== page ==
Aptima Develops Software to Estimate Optimal Crew Size in Navy Ships, Helping Reduce Lifetime Cost of Vessels
The cost of a ship’s crew is the single largest expense incurred over its life cycle. How can the U.S. Navy reduce the cost of ship’s manpower to fit its shrinking budgets?
To help the Navy solve that challenge, Aptima is partnering with Applied Research Associates, Inc. (ARA) to develop STAMPS, the Simulation Toolset for Analysis of Mission, Personnel & Systems. STAMPS simulates ship systems and crew operations, allowing naval designers to define the crew size and skill set early in the design process. Aptima’s $2.6 million subcontract to ARA will produce a crew modeling module for the larger STAMPS system. That system, developed for the Office of Naval Research (ONR), is part of a Navy initiative to reduce the total operating costs of vessels over their lifetime, right-sizing personnel for a new generation of ships built with advanced technologies and automation.
Global Maritime VSAT Market 2014-2018
“The bulk of a ship’s total lifetime operating costs–up to 90%–are locked-in by decisions made in design.* This contract reinforces the Navy’s dedication to controlling those costs with accurate manpower planning in every milestone phase,” said Jared Freeman, Aptima’s Chief Scientist.
Using STAMPS, acquisition managers and naval designers will be able to integrate humans systems early in the design process to assess the most cost-effective mix of personnel, hardware, and software systems. The design of legacy ships, in contrast, has typically focused first on the detailed engineering of the ship infrastructure, with manpower estimates that are rougher or later than those decisions.
STAMPS in Action
STAMPS simulates not only a ship’s electro-mechanical and weapons systems, but also models the personnel required for its operations, including the number and type of crew, and the specific skills needed in different scenarios.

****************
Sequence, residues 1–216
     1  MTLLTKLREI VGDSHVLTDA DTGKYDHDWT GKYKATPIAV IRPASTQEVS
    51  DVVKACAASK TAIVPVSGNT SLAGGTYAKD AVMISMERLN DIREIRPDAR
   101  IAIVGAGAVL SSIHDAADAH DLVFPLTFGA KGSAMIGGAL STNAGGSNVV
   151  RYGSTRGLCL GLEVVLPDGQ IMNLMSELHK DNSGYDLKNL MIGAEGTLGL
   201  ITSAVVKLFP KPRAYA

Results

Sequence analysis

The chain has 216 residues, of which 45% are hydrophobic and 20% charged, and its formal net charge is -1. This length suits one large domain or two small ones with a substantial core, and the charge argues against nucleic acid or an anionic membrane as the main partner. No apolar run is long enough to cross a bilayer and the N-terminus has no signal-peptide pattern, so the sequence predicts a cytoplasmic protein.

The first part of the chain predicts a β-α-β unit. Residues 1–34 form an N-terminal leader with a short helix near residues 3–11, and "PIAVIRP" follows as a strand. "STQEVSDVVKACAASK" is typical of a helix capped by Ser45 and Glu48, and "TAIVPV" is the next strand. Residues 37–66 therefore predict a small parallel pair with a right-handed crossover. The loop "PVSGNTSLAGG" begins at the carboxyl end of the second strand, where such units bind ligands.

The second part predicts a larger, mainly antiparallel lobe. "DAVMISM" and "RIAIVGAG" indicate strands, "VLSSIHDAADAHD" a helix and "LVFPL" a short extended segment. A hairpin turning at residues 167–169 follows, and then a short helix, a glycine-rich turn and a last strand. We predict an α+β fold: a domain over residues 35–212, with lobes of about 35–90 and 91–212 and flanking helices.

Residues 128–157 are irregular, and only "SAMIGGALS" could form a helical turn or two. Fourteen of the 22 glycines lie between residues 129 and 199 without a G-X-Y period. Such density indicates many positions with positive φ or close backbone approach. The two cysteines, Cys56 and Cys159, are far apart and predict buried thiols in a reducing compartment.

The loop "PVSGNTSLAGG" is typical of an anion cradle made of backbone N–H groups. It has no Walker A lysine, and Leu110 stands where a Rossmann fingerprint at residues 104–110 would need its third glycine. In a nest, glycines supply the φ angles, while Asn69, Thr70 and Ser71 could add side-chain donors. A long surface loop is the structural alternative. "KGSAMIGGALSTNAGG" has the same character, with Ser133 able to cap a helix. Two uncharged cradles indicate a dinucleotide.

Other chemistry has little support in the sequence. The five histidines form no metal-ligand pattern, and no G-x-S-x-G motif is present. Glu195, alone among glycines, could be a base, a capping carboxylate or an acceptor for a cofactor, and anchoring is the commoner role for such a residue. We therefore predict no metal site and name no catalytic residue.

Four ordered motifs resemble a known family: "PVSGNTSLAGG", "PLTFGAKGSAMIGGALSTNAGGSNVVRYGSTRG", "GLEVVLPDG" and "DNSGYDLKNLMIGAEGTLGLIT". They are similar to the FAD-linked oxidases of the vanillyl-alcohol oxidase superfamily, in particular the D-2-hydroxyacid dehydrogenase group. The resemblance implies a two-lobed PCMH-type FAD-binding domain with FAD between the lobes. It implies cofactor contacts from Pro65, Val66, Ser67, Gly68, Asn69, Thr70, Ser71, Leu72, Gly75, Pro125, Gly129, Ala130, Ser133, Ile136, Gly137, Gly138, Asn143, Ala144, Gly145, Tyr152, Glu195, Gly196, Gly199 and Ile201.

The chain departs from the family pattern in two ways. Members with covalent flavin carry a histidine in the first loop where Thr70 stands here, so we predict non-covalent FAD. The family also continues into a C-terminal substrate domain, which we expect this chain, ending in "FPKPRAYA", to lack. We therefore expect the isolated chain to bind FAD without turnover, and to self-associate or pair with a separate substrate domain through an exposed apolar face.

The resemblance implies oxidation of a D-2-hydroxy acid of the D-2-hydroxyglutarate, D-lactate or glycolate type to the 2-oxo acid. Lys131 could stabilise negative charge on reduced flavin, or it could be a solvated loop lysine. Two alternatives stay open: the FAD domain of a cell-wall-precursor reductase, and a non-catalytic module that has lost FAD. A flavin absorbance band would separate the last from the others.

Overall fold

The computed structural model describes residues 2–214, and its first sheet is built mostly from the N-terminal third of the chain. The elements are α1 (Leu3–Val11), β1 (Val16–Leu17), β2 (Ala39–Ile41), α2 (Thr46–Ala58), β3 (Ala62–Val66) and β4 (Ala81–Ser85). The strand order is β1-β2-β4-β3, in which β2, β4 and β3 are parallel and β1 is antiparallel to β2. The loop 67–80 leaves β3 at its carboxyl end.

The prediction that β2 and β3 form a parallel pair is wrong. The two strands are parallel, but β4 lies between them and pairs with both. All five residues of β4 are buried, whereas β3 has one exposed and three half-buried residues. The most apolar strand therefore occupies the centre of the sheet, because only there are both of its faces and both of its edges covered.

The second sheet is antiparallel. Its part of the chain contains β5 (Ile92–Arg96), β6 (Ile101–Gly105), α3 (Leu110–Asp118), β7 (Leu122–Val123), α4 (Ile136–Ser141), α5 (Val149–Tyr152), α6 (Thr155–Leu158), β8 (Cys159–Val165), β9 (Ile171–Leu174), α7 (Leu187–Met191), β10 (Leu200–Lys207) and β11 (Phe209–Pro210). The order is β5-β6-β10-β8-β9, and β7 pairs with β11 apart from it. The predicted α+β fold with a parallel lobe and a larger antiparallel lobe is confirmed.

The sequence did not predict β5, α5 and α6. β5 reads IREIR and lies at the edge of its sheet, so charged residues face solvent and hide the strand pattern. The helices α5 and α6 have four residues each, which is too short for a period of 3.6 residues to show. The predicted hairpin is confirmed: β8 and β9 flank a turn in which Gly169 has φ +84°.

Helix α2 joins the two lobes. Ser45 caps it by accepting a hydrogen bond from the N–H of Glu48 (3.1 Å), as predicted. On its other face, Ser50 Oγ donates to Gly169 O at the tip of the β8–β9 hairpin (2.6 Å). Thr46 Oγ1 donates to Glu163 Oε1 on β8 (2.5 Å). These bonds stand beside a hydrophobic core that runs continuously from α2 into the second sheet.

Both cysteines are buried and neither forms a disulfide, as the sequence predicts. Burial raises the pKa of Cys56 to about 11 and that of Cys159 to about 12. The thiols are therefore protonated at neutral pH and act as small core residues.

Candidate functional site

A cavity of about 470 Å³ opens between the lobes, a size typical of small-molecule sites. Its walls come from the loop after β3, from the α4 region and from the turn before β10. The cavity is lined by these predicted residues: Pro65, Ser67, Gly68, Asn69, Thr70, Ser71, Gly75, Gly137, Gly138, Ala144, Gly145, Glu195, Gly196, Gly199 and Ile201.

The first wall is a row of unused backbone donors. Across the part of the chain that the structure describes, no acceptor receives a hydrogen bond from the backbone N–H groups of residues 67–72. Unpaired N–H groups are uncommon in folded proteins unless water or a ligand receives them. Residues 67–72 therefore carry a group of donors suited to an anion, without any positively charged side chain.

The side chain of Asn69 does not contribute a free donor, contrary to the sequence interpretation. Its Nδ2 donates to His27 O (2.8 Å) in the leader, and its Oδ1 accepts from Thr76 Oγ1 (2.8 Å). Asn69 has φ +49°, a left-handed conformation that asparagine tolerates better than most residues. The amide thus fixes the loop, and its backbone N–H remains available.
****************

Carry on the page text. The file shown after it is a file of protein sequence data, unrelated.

In the design of a new class of destroyers for example, a pipe bursts in the chilled water system might produce a cascade of problems, from flooding to overheating computing systems. STAMPS models that process, and Aptima’s crew model will measure human performance in the scenario. This will allow designers to assess whether a given mix of personnel with specific skills, such as mechanics, are sufficient to respond to the failure. STAMPS output could lead designers to revise the manpower plan or re-design the ship’s chilled water system to meet performance goals.
“The beauty of STAMPS is that it will computationally model the interaction of humans and systems on long and complex missions. It will do so fast enough to accelerate the design of new vessels while it improves decisions about the most expensive and valuable asset aboard ship: the human crew,” said Dr. Freeman.
STAMPS is expected to help the Navy save money over the long term through better staffing and reduced manpower costs. This contract continues Aptima’s history of computationally modeling human performance in military organizations, including the Navy, Air Force, and Joint Forces.
* Statistics courtesy the General Accounting Office Report to Congressional Requestors (Navy Actions Needed to Optimize Ship Crew Size and Reduce Total Ownership Costs)
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Source : Aptima, Inc.
Oct 27 - 29, 2015 - Rio de Janeiro, Brazil